The Log4J vulnerability discovered late last week continues to make lives extremely busy for IT and cybersecurity professionals and software vendors rush to investigate if their products are vulnerable and push patches out to customers while those customers investigate the hundreds of apps their organization uses to determine how exposed they are.
The widely used Apache Log4J 2 Java logging tool contains a remote code execution vulnerability that could impact “millions” of software products, which is making lives very complicated for system administrators and cybersecurity experts alike.
To help you, we asked Paul Ducklin, principal research scientist at cybersecurity firm Sophos, about what this vulnerability means for IT professionals and how to defend against it.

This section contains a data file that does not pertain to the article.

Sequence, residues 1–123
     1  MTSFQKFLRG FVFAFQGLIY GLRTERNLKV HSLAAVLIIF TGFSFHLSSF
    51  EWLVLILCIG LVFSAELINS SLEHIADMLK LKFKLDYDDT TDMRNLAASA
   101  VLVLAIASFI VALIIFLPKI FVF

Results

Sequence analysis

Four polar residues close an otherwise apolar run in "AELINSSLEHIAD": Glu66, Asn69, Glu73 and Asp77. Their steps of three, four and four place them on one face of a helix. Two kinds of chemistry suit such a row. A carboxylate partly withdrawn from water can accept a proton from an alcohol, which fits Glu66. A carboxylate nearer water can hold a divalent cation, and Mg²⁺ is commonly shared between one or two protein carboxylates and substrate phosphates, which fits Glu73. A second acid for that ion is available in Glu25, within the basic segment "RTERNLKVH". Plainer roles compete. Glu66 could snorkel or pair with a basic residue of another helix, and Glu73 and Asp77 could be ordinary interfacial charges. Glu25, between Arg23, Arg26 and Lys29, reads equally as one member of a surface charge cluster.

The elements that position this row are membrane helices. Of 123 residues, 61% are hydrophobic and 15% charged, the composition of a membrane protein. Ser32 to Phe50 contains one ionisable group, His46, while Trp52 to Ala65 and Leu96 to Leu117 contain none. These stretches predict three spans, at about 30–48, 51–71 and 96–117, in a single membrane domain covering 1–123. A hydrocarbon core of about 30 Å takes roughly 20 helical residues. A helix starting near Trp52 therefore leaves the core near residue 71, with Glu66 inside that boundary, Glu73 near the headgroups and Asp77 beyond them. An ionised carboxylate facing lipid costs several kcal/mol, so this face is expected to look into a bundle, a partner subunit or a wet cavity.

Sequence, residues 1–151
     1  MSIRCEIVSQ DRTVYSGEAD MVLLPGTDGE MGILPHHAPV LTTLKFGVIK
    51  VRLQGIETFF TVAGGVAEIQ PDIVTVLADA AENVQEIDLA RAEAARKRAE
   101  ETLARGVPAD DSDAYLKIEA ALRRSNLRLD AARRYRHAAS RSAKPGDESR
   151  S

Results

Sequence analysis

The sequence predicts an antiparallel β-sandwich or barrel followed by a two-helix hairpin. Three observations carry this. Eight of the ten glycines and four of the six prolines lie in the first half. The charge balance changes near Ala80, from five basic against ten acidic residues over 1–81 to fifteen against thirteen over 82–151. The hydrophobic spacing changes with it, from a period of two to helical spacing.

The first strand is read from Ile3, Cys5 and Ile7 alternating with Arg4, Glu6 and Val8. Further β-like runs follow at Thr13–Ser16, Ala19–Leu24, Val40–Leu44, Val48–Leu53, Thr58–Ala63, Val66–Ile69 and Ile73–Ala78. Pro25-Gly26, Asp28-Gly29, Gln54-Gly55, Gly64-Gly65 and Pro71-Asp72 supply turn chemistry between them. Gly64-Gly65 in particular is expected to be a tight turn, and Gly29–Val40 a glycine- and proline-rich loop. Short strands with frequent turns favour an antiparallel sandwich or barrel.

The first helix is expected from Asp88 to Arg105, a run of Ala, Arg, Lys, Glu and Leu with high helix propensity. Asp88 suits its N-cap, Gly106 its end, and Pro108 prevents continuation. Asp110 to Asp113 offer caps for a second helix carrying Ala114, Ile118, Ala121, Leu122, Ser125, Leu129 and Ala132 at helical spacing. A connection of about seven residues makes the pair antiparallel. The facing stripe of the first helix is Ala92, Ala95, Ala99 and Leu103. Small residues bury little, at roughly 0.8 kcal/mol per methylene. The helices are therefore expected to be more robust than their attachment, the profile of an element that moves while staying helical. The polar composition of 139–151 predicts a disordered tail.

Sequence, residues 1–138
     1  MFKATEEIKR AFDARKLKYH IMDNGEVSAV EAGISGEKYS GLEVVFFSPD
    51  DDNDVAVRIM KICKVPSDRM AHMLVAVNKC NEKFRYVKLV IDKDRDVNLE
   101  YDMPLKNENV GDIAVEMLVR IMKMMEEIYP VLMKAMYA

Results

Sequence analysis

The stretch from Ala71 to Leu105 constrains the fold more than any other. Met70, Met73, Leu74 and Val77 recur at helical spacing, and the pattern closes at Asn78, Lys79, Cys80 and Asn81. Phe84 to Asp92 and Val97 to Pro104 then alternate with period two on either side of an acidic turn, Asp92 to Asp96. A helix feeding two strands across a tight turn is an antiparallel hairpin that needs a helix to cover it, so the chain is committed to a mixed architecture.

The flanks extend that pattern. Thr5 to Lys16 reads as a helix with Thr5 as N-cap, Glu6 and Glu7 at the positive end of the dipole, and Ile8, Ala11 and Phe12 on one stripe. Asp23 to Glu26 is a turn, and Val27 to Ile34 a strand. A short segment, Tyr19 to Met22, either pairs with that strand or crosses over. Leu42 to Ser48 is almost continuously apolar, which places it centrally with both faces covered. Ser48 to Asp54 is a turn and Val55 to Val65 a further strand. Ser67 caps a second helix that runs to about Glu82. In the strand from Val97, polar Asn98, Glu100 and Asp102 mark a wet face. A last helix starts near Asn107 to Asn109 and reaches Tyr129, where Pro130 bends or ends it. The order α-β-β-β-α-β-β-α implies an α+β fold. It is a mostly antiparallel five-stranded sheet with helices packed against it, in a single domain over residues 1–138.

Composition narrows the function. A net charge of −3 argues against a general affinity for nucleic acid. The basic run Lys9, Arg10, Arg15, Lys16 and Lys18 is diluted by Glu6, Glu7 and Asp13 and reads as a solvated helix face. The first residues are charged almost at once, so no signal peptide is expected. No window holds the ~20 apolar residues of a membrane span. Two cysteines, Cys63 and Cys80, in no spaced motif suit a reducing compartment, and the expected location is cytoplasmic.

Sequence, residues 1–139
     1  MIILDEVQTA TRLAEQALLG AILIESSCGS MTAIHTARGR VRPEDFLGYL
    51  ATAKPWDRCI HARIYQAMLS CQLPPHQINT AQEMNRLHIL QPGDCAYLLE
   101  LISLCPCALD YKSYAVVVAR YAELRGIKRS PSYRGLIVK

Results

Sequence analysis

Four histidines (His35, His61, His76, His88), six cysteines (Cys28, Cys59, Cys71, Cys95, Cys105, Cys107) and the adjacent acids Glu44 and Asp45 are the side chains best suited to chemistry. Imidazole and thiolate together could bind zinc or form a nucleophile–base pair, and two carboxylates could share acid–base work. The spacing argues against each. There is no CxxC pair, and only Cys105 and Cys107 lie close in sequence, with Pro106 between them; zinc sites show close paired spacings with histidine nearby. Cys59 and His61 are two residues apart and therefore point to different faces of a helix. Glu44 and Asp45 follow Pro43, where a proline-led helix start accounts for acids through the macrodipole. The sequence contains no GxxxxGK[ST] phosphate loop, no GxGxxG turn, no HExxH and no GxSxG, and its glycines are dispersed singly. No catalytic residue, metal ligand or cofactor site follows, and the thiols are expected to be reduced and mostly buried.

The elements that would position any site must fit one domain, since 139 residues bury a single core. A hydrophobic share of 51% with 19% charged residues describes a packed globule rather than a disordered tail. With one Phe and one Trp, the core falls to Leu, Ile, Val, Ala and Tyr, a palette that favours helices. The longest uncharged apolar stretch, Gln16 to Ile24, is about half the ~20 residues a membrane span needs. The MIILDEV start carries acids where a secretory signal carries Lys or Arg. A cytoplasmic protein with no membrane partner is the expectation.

What is Log4j?
Log4J is a common Java logging system maintained by Apache Software Foundation used by developers of web and server applications, and it is used across a huge range of tools. It is the most popular java logging library with over 400,000 downloads from its GitHub project, and “millions” of other products use it.
According to Ducklin, Log4j is an extremely useful Java logging tool that helps keep in compliance with auditing and security requirements.
“It’s very popular, very widely used logging tool, because we all know loggings are important in applications,” Ducklin says. “You want to keep track of which customers have done what, you’ve got auditing requirements, you’ve got security requirements—you want to know who’s using what browser all of this stuff.”